At the beginning of June, a much-delayed bill was signed into law, the so-called World Cup law. Although the lack of restrictions on the sale of alcohol in stadiums is the most visibly controversial aspect of the new Law 12,663/2012, the statute has other major implications – in the field of intellectual property.

The issue of alcohol sales has been causing much discussion because, on the one hand, a ban on alcoholic drinks in stadiums is enshrined in the legislation of certain states where the World Cup matches will be played, but, on the other hand, a beer brewer is a sponsorfor the International Federation of Association Football, commonly known as FIFA. (Another controversy is the limit on half-price tickets that will be made available for students and pensioners, a move being justified on the basis of the potential impact on revenues.)

With respect to intellectual property, specialists are criticizing certain privileges assured by the statute for FIFA, a private entity. The law provides a high standard of protection for the association’s intellectual property assets. The Brazilian Patent and Trademark Office (INPI) will be required to:

  • • Register FIFA’s trademarks, logos, and designs as famous and/or well-known marks without requesting substantiation from the Association
  • • Inform the Brazilian domain name registry authority (NIC.br) about FIFA’s marks in order to avoid, ex officio, the registration of domain names bearing similar terms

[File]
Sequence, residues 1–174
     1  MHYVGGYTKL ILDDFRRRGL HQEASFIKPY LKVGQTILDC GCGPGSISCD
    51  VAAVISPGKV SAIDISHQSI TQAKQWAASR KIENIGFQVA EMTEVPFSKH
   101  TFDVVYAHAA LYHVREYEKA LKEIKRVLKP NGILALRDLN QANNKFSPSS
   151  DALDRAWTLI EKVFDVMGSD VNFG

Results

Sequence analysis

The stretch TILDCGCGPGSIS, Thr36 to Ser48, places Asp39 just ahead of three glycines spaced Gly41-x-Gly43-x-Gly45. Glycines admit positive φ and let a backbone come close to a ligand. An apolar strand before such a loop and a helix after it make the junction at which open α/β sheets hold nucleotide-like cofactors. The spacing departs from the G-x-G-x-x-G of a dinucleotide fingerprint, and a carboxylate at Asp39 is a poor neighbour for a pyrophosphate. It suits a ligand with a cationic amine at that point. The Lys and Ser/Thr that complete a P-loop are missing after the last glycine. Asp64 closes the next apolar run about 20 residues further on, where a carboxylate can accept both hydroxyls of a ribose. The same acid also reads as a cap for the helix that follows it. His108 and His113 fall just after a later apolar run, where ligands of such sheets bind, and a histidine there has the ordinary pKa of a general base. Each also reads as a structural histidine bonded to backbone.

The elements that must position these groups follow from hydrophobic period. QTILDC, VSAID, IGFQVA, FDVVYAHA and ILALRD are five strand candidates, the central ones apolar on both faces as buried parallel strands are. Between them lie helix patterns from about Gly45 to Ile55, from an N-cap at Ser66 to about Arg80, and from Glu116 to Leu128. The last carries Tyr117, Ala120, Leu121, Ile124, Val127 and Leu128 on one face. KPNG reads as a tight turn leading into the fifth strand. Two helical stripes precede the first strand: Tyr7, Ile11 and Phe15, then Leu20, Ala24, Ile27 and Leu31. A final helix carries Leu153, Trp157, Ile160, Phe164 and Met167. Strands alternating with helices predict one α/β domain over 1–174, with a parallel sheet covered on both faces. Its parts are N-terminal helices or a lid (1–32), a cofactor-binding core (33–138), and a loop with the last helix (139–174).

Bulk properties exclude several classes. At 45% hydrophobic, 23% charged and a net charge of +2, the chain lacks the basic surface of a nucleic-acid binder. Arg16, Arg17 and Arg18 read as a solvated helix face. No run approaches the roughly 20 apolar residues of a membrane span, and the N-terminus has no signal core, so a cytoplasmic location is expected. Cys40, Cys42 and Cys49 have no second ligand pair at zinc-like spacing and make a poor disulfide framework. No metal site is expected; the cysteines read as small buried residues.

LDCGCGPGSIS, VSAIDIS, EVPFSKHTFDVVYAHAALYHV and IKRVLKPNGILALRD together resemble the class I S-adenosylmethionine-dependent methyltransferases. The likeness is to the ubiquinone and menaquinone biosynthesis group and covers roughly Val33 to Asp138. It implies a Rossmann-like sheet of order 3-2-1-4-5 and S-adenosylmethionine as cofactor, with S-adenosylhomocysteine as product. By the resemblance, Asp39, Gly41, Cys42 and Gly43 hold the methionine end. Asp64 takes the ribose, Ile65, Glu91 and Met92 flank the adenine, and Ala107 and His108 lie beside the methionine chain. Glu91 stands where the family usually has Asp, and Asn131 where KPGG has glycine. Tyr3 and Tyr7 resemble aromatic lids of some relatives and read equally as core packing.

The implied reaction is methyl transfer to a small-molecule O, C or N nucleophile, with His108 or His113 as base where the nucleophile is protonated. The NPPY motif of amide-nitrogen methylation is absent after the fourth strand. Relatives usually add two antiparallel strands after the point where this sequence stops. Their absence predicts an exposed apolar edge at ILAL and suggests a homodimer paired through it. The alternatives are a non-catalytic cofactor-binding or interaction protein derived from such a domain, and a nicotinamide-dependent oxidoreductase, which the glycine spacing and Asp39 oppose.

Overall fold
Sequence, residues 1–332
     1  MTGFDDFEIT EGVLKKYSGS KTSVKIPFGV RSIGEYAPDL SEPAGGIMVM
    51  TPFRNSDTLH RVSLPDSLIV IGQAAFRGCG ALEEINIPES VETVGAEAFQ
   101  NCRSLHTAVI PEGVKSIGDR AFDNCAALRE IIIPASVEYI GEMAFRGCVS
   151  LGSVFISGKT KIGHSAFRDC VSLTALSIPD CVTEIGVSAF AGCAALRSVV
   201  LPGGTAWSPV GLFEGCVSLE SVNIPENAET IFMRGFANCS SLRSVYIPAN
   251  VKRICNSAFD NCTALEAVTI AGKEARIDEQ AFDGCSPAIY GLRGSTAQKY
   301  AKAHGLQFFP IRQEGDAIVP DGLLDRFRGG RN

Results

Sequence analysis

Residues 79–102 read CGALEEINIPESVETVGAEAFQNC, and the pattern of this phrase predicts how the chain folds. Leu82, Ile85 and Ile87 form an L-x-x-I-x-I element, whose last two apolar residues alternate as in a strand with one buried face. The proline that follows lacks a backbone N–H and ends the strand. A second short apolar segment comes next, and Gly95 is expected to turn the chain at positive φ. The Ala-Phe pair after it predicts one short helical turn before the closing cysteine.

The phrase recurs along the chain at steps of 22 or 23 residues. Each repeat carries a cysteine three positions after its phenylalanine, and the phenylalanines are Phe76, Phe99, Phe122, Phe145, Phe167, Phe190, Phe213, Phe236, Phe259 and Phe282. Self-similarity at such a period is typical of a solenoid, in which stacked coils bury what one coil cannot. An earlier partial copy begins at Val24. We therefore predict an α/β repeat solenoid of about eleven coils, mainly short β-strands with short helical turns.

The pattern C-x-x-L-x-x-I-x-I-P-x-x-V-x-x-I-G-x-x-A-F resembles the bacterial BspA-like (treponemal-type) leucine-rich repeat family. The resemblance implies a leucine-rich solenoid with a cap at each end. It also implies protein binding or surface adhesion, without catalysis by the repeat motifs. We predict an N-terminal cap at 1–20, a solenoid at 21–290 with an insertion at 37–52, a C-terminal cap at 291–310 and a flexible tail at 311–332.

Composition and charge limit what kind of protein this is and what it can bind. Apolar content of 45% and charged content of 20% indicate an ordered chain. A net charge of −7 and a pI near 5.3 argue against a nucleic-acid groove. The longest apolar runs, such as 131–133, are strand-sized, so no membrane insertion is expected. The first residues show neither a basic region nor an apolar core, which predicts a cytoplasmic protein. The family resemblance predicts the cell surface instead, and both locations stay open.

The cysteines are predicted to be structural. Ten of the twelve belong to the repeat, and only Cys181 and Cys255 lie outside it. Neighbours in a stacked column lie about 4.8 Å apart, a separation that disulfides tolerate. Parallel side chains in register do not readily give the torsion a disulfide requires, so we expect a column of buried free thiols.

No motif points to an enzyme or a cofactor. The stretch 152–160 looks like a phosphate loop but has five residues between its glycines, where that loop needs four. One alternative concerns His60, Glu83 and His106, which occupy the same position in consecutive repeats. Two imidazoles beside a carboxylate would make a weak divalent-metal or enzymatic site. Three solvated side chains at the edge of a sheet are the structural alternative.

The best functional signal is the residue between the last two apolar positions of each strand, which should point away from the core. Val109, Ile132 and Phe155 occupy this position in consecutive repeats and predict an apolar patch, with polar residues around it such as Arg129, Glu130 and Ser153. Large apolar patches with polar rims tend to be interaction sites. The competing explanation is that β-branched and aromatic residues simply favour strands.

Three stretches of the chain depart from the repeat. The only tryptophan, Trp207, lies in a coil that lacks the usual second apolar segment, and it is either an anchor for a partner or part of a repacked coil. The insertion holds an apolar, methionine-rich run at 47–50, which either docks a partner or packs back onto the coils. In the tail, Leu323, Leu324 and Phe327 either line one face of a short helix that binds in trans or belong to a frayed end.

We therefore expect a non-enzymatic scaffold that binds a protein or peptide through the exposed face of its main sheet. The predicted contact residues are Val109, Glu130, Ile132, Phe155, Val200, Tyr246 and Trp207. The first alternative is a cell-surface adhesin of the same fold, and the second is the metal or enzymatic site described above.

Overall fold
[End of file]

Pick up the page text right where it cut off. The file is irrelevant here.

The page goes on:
• • Set up a special fast-track registration process for FIFA’s marks, with shorter concession deadlines and exemption from official fees
  • • Reject, ex officio, any trademark application that is similar to FIFA’s marks or that may cause confusion

Despite the controversy, this is becoming common practice for major sports events, as the following special laws attest:

  • • Sydney 2000 Games (Indicia and Images) Protection Act 1996, for the 2000 Olympic Games
  • • Major Events Management Act of 2007, for the 2011 Rugby World Cup
  • • 2006 London Olympic Games and Paralympic Games Act, for the 2012 London Olympic and Paralympic Games
  • • Olympic Act (Law 12,035/2009), for the 2016 Rio de Janeiro Games.

All those statutes aim at protecting organizers and official sponsors’ exclusive rights, preventing ambush marketing, and safeguarding official symbols and marks and other intellectual property assets. They are expected to deal with the increasing number of violations, misuses of, and crimes relating to official marks and symbols.

The new World Cup law itemizes those crimes, lists civil torts in connection with the World Cup, creates commercial restrictions for the areas surrounding stadiums and access roads, and strictly regulates the recording and broadcasting of images of matches and related events.

As one of the main income sources for FIFA, the broadcast rights and limits for use of images were thoroughly discussed. In the end, FIFA agreed to adapt its initial draft – which would have prohibited any use of the event’s images by non-licensed companies – in order to make a recompilation of images available up to two hours after the end of each match or event, limiting the use of such images to journalistic purposes and permitting up to 30 seconds for any event controlled by FIFA and up to 3 percent of the whole for soccer matches.

Other stakeholders, such as the Brazilian Intellectual Property Association (ABPI), although resistant to certain aspects of the new law, believe it is a good initiative and agree that it may help to prevent abusive practices with respect to intellectual property assets.

Without disregarding the large number of applications and requests that INPI deals with daily, it is not yet possible to assess the real impact and enforceability of the recently enacted legislation in a country of continental proportions like Brazil.

Rafael Vazquez